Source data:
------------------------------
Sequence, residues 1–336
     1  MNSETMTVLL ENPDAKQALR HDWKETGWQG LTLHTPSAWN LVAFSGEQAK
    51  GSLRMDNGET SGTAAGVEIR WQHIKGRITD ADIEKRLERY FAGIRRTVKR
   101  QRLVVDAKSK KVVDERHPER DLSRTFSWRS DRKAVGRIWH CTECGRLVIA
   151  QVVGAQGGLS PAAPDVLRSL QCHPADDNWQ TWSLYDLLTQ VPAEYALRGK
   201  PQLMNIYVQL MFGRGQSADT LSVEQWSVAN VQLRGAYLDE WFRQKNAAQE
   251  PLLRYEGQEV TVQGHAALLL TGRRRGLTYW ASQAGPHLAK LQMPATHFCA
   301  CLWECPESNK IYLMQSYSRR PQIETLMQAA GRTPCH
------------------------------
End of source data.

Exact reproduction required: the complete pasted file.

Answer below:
Sequence, residues 1–336
     1  MNSETMTVLL ENPDAKQALR HDWKETGWQG LTLHTPSAWN LVAFSGEQAK
    51  GSLRMDNGET SGTAAGVEIR WQHIKGRITD ADIEKRLERY FAGIRRTVKR
   101  QRLVVDAKSK KVVDERHPER DLSRTFSWRS DRKAVGRIWH CTECGRLVIA
   151  QVVGAQGGLS PAAPDVLRSL QCHPADDNWQ TWSLYDLLTQ VPAEYALRGK
   201  PQLMNIYVQL MFGRGQSADT LSVEQWSVAN VQLRGAYLDE WFRQKNAAQE
   251  PLLRYEGQEV TVQGHAALLL TGRRRGLTYW ASQAGPHLAK LQMPATHFCA
   301  CLWECPESNK IYLMQSYSRR PQIETLMQAA GRTPCH